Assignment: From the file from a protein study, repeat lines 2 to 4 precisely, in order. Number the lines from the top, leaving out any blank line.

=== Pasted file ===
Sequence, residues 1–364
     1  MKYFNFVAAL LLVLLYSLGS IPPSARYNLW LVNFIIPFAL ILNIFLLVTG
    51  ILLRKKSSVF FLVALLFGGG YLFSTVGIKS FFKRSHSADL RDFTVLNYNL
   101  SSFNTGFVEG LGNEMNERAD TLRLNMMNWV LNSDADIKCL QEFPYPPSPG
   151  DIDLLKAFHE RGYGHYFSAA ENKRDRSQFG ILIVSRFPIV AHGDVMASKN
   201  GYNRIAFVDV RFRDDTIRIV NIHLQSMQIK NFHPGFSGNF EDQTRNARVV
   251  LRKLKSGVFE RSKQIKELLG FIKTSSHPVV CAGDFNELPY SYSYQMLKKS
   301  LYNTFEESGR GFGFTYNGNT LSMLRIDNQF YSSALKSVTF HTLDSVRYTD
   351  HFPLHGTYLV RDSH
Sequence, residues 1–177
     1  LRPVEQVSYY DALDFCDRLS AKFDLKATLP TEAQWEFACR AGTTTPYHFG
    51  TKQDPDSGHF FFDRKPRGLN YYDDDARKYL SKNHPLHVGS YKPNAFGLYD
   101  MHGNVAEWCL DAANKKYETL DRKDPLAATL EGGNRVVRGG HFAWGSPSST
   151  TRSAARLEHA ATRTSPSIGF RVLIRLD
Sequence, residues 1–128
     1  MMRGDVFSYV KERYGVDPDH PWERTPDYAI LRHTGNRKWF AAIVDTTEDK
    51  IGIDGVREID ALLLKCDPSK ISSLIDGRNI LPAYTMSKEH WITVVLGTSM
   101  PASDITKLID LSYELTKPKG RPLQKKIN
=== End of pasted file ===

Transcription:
     1  MKYFNFVAAL LLVLLYSLGS IPPSARYNLW LVNFIIPFAL ILNIFLLVTG
    51  ILLRKKSSVF FLVALLFGGG YLFSTVGIKS FFKRSHSADL RDFTVLNYNL
   101  SSFNTGFVEG LGNEMNERAD TLRLNMMNWV LNSDADIKCL QEFPYPPSPG